Chocolate Could Be Good for the Heart, but Check Out the Cocoa Content
So let’s pop the question: Is chocolate good for us ... or not? A team of researchers from Harvard School of Public Health looked at several research studies and said this:
“A growing body of evidence suggests that the consumption of foods rich in polyphenolic compounds, particularly cocoa, may have cardioprotective effects.” Translation: Cocoa contains a group of natural substances that may make our hearts happy.
One group of these “polyphenolic compounds” (known collectively as “flavanols”) show special promise in keeping arteries clear and flexible, say researchers. A bit of chocolate — especially the dark variety — may help lower blood pressure and slow down the process of heart disease.
While most saturated fat is considered “bad” because it raises the dangerous LDL cholesterol in our blood, the primary saturated fat that occurs naturally in chocolate is stearic acid — a “neutral” fat that does not tend to affect cholesterol levels.
More recent studies have noted that cocoa contains constituents that may also help improve brain function and lower our risk for diseases like dementia and Alzheimer’s.
But alas, these truths about chocolate are bittersweet, say experts. Cocoa powder — the nonfat part of the cocoa seed that contains the most beneficial substances — is also the most bitter-tasting. We may be wooed by sweet and creamy varieties, but they may not hold the best promise for our tender hearts.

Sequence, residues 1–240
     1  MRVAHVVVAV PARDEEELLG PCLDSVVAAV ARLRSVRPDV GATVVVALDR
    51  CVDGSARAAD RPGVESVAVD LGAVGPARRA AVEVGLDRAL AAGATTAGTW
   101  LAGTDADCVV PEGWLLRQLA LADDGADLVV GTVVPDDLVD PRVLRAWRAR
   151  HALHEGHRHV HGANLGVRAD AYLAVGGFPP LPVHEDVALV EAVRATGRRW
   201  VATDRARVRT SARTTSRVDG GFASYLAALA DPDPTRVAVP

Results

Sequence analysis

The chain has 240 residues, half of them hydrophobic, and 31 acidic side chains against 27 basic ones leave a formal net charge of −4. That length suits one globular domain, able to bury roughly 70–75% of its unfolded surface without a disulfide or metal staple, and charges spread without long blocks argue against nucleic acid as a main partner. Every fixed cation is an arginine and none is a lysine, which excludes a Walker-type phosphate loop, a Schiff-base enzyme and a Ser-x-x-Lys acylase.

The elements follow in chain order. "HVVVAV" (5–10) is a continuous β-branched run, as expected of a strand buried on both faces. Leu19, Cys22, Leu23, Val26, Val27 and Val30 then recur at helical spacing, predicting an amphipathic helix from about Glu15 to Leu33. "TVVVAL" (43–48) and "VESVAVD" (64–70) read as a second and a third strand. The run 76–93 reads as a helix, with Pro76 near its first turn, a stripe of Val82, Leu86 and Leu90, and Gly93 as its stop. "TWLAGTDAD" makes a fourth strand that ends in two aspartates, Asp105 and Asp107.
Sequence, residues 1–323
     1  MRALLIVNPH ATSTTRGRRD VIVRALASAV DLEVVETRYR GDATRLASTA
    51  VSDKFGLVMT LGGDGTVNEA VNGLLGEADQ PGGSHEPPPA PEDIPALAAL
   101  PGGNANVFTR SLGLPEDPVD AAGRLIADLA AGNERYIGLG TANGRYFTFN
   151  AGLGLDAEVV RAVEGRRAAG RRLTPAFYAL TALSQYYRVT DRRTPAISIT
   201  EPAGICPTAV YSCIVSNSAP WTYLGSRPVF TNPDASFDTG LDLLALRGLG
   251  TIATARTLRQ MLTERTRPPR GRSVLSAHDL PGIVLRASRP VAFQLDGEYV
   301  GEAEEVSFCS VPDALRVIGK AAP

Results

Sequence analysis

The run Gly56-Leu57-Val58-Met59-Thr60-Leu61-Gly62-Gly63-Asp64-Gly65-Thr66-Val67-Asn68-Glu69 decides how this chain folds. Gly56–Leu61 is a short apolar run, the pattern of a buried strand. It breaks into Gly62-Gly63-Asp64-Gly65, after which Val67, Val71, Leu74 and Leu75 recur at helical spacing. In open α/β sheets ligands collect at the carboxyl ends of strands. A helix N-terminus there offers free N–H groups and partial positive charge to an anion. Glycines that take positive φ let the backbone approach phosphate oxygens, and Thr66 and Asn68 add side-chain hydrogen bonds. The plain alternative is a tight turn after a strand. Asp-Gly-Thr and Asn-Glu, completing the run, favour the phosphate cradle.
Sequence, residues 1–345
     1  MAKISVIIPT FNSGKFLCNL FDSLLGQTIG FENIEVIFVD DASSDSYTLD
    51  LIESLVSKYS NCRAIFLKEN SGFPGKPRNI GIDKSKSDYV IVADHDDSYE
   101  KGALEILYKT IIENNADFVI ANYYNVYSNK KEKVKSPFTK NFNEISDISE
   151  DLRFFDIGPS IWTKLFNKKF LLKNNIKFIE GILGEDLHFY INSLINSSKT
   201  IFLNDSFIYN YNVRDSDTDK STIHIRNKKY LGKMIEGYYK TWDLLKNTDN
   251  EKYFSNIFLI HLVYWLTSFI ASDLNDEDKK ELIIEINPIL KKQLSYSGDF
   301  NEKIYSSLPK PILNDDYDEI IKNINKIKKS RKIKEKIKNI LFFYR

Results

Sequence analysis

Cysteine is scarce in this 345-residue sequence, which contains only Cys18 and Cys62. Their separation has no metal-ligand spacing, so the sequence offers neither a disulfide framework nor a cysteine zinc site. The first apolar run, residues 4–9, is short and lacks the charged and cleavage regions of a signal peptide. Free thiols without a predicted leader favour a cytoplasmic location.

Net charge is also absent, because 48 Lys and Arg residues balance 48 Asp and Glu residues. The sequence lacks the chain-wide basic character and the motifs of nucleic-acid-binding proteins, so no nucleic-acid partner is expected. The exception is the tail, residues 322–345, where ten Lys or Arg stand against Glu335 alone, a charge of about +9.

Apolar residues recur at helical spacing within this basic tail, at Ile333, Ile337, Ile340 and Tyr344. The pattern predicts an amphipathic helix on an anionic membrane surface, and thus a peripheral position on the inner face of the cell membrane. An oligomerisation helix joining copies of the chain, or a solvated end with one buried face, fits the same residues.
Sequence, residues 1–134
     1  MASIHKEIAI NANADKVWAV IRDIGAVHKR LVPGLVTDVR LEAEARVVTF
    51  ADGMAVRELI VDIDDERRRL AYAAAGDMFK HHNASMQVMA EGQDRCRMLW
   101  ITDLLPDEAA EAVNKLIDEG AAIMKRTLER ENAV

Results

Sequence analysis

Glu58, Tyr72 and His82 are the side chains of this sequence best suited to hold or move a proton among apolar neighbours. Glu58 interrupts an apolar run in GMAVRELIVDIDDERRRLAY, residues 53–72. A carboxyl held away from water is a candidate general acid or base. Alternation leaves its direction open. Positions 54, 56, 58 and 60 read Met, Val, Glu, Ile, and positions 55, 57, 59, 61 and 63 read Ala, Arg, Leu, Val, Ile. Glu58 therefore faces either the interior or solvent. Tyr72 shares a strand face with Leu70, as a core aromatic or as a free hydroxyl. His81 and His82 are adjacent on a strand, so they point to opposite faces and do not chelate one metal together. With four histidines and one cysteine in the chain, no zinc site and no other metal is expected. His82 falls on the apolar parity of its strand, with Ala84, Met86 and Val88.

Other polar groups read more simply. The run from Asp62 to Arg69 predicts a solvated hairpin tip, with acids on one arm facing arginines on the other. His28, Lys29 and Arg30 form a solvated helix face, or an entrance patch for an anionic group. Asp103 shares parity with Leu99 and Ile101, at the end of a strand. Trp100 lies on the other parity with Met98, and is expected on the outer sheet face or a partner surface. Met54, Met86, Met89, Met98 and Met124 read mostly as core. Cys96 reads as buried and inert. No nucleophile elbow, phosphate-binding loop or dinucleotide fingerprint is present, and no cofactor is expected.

So in chocolate as in love — it pays to look for the good qualities. Chocolates richest in cocoa content are more apt to be rich in heart-protective flavanols as well, say experts. In general, dark chocolate contains more cocoa than milk chocolate. And white chocolate may be full of empty promises since it contains no cocoa at all.
Is there a daily “dose” of chocolate we can trust to keep our hearts beating? No one knows for sure and it’s too early to set a daily minimum requirement for chocolate.
Experts do say, however that chocolate has benefits that are “acute” as well as “chronic.” That means we can get a health boost that is immediate as well as long-term when enjoy cocoa-rich chocolate.
Harvard researcher and epidemiologist Eric Ding sums up our hunger to find something good in chocolate thusly: “We continue to uncover wide-ranging benefits of cocoa flavanols for health and longevity, and it looks like this trend will continue.”
I love that.
(Barbara Quinn is a registered dietitian and certified diabetes educator at the Community Hospital of the Monterey Peninsula. Email her at bquinnchomp.org.)
©2013 The Monterey County Herald
Visit The Monterey County Herald at www.montereyherald.com
Distributed by MCT Information Services